Home South African KZN hospital sends moms home with wrong babies

KZN hospital sends moms home with wrong babies


It is believed an administrative blunder led to the switching of babies delivered at the RK Khan Hospital.

Two families were given the wrong babies at Durban’s RK Khan Hospital Picture: Bongiwe Mchunu

Durban – The chairperson of RK Khan Hospital’s board has called on the Health Ombudsman to investigate an administrative blunder that led to the switching of babies delivered at the hospital, which led to two mothers taking home the wrong infants at the weekend.

RK Khan Hospital board chairperson Reverend Cyril Pillay said: “This is unnecessary and negligent on the part of staff. Actually, I am personally traumatised by this happening and feel for the families. I urge the Health Ombudsman to urgently investigate this negligence.”

RK Action Committee chairman Visvin Reddy said the matter had come to the committee’s attention.

“There has been a mix-up of babies at RK Khan Hospital where a mother had given birth at the weekend and the child had to be taken to King Edward Hospital, and the incorrect baby was then brought back to the mother and it was realised only much later,” Reddy said.

“It is highly traumatising because when you go to hospital this sort of thing should not happen,” Reddy said.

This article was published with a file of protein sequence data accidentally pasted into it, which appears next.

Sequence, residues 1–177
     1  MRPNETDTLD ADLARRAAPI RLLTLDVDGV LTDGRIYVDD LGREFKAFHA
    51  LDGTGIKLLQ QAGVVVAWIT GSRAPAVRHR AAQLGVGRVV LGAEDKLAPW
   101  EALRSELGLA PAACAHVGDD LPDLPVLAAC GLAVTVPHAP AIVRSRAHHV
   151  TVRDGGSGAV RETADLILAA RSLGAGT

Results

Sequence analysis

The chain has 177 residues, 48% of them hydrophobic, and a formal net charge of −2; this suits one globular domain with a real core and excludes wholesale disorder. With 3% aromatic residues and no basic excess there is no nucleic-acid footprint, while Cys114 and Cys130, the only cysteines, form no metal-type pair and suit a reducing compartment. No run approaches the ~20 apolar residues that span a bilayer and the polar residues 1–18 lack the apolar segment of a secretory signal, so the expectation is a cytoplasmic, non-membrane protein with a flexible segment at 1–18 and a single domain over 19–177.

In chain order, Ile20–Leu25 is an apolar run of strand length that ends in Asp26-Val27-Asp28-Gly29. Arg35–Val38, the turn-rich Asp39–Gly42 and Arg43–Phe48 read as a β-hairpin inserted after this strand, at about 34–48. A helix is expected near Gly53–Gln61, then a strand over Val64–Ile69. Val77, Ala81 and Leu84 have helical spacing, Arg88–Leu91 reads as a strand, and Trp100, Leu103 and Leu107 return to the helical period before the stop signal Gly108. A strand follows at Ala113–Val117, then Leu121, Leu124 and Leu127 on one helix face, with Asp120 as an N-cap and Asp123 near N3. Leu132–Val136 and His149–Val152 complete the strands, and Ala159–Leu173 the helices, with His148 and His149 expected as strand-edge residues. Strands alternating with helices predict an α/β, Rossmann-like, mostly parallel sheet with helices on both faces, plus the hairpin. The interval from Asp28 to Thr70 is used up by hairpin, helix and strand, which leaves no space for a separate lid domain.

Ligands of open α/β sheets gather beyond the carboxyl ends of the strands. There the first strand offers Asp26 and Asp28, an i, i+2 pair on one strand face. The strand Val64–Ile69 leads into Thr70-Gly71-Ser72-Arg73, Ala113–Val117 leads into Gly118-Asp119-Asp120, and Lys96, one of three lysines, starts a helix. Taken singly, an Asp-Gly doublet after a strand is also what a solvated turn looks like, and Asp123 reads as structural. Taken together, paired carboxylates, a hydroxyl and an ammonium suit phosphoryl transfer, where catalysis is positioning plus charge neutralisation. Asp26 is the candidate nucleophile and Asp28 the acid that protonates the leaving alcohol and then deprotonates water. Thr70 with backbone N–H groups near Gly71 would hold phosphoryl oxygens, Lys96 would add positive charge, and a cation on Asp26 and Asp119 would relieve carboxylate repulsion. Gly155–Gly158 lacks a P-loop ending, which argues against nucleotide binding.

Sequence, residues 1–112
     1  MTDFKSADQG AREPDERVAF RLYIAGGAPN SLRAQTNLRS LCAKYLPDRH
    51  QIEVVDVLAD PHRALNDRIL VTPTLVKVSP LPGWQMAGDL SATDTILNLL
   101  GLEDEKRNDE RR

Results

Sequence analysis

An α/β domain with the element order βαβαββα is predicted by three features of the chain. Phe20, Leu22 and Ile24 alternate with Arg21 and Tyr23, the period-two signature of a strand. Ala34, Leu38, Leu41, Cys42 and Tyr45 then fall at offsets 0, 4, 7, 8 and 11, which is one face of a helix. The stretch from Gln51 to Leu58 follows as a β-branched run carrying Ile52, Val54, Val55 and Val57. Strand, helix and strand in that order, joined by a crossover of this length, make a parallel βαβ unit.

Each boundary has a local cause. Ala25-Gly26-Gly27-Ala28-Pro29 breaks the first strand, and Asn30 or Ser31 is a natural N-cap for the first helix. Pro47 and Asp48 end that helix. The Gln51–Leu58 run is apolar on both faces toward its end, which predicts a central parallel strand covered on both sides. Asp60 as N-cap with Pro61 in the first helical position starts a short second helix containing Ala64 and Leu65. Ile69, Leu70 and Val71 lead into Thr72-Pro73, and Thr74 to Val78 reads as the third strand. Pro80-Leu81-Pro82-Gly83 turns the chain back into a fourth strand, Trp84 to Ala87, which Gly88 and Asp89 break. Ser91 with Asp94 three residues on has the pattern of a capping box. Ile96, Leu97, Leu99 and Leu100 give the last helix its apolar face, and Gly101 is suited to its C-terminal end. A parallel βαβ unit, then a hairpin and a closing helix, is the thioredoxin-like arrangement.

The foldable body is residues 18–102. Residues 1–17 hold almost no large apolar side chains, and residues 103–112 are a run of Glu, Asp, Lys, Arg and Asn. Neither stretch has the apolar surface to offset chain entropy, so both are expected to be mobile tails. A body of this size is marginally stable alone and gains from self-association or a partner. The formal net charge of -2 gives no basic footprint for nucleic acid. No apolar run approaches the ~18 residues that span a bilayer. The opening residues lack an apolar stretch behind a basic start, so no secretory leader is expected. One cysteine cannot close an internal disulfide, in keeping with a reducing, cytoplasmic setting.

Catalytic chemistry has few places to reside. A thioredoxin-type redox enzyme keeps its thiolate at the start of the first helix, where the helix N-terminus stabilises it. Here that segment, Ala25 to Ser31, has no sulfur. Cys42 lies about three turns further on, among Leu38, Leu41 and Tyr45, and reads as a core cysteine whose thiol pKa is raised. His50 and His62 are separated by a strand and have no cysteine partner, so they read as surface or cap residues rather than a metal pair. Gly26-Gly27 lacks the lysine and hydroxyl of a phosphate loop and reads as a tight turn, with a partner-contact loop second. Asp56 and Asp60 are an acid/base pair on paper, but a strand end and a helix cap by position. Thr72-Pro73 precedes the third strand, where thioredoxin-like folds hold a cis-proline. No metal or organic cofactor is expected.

KZN Department of Health spokesperson Ntokozo Maphisa said the department was aware of the blunder.

“The department is aware of a matter in which an administrative error led to two babies being handed to the wrong next of kin. The error was picked up by a hospital staff member, and the department proactively reported the matter to the police, and also facilitated the safe return of both babies to the hospital,” Maphisa said.

“Both babies have undergone DNA tests and are being kept in a place of safety pending the results, after which they will be handed over to their rightful parents.

“The department is obviously concerned by this incident and is investigating its cause, while concurrently devising measures across the board to prevent its recurrence.”

The Mercury

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